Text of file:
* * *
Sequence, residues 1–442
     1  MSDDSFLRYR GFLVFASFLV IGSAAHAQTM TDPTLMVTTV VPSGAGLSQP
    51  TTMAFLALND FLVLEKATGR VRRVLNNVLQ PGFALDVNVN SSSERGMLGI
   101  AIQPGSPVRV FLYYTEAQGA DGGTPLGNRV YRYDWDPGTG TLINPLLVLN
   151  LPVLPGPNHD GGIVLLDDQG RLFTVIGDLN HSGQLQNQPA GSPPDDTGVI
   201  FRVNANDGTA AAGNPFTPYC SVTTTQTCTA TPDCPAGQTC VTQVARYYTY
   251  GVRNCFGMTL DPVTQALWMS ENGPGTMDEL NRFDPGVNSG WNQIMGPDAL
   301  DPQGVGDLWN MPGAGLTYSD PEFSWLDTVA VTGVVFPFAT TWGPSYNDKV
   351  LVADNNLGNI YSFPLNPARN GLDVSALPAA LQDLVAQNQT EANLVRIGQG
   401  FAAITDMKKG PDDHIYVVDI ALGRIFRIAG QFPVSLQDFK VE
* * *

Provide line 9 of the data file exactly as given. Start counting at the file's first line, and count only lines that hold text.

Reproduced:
   351  LVADNNLGNI YSFPLNPARN GLDVSALPAA LQDLVAQNQT EANLVRIGQG